Editor, Daily Nexus,

As I have just finished the first week of 10 of the Winter Quarter of 2005, I find myself, yet again, questioning the intentions of some of my professors teaching at UCSB. It wasn’t even within the first half hour of each of my four classes that the political ideologies of my professors surfaced and made it into their lectures. I am in no means suggesting that my professors are not knowledgeable about the subjects that they are teaching; however, I am suggesting that they stick to the topics of the course description and reserve their personal opinions about their political ideology to themselves. I did not sign up for Bush Bashing 101 four times over, and I find their comments not only offensive, but irrelevant to the classes that I am taking.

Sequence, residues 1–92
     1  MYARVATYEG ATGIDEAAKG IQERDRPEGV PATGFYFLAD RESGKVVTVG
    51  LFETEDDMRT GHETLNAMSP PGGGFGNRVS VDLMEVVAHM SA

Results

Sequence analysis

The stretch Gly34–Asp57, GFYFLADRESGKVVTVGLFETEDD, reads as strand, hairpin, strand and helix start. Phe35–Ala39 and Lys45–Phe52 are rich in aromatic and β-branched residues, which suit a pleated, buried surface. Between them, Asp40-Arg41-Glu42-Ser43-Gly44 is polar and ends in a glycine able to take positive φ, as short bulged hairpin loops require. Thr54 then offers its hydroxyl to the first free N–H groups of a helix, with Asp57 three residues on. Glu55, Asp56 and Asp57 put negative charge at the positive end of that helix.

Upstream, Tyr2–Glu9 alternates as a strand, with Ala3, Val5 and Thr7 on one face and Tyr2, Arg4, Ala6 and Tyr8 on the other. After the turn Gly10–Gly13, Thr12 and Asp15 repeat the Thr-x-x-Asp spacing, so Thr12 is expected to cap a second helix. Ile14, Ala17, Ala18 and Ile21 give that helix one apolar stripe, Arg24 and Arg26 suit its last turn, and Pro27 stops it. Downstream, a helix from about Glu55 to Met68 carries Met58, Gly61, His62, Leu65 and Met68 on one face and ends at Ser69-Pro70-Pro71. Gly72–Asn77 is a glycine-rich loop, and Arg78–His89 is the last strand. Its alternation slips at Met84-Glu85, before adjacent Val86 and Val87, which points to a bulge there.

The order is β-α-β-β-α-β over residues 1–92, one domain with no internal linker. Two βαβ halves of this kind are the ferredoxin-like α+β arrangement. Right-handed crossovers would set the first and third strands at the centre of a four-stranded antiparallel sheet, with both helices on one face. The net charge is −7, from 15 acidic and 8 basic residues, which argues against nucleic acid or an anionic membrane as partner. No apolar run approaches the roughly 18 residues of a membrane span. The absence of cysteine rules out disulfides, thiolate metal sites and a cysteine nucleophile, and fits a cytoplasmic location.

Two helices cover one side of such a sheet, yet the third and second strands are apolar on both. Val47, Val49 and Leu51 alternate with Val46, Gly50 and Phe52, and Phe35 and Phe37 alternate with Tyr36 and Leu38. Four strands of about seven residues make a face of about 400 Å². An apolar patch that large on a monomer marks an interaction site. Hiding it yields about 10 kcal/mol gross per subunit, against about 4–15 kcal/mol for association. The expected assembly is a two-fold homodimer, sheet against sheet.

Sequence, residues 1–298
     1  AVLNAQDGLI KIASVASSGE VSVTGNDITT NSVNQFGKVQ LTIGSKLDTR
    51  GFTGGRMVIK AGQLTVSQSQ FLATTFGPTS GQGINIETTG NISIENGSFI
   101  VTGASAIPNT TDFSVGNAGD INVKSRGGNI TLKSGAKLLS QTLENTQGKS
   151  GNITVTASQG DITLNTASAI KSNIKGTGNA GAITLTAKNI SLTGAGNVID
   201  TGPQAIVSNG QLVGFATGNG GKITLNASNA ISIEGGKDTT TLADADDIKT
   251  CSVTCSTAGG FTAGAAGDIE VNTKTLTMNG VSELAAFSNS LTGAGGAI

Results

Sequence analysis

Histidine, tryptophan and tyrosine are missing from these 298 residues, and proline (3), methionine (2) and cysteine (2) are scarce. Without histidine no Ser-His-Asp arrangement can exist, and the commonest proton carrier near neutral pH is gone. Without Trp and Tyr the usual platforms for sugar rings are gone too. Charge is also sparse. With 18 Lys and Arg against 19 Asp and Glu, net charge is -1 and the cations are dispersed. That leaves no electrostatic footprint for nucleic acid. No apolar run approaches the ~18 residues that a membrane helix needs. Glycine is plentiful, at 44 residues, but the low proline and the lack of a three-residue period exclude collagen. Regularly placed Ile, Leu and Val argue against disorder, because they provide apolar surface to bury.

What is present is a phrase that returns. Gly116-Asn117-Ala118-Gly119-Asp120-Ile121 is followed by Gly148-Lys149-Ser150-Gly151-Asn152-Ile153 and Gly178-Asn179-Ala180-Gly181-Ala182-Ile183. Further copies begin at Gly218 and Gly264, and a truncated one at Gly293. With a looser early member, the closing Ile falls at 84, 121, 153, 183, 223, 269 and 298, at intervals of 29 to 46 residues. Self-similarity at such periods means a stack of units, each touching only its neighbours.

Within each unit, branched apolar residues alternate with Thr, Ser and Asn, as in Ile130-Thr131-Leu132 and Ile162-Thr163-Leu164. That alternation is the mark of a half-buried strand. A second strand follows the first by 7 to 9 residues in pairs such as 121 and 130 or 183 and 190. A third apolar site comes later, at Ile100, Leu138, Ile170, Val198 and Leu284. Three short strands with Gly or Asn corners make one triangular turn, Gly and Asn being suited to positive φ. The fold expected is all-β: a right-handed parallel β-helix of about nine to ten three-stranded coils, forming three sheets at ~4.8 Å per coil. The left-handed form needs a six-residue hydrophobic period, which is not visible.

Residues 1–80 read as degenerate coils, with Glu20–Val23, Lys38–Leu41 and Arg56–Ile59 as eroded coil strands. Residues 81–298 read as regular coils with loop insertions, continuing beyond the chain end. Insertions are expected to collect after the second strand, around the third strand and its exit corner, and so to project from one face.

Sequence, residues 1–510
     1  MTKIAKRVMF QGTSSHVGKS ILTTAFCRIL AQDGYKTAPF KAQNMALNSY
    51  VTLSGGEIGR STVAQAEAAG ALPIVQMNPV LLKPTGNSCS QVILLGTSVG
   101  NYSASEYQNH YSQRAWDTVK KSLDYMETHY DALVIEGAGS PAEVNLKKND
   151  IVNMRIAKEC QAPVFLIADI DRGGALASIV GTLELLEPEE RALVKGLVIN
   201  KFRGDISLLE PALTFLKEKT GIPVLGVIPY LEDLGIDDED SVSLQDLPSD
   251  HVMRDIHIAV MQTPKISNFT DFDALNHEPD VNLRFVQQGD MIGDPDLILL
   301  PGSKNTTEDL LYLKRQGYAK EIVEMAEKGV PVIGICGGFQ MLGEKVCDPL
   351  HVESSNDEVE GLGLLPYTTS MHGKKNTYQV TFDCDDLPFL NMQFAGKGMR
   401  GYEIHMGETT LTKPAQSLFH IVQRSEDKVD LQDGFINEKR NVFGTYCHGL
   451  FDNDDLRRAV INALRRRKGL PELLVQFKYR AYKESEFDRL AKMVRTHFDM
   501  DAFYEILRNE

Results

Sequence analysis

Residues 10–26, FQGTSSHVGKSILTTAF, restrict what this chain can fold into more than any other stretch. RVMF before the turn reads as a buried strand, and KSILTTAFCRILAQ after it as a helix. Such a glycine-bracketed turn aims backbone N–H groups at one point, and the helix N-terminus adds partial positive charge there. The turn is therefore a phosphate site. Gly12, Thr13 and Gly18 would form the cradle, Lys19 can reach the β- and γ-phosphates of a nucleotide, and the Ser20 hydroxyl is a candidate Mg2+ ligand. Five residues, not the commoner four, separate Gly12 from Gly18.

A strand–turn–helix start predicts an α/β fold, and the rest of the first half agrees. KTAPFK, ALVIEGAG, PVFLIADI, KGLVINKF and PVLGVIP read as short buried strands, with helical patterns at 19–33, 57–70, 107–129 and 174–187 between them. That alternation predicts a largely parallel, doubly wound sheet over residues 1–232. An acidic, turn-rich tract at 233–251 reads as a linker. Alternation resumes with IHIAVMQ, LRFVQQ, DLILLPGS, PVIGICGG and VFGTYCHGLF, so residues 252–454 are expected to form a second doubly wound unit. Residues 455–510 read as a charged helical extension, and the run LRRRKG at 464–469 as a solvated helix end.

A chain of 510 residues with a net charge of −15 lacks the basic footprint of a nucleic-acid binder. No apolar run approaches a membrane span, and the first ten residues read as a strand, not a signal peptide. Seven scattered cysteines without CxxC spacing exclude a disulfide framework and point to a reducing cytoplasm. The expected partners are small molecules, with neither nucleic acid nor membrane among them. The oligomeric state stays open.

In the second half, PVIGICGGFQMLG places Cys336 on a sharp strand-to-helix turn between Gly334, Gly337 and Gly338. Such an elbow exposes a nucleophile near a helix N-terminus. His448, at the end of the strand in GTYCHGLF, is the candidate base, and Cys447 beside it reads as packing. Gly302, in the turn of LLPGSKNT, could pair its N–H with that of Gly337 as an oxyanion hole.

Using the front of the class as a platform for spouting off their personal political agendas is not the right of any professor. If I truly cared enough about my professors’ political opinions, I would ask them outside of the classroom, where we could engage in a healthy debate. When careless comments are spewed out within the lectures, it creates a feeling of uneasiness among those who disagree.

Questions arise at that moment: Will my grade be affected if I dare say something that goes against my professor’s school of thought? Is that a risk I’m willing to take? Do I just bite my lip and let these irrelevant and discriminating comments continue? That is precisely why I feel that it is my responsibility to speak up now. I have one request to the professors teaching the youth of this country: Hold back your personal political opinions until after class, and do what teachers are supposed to do. Teach, don’t preach!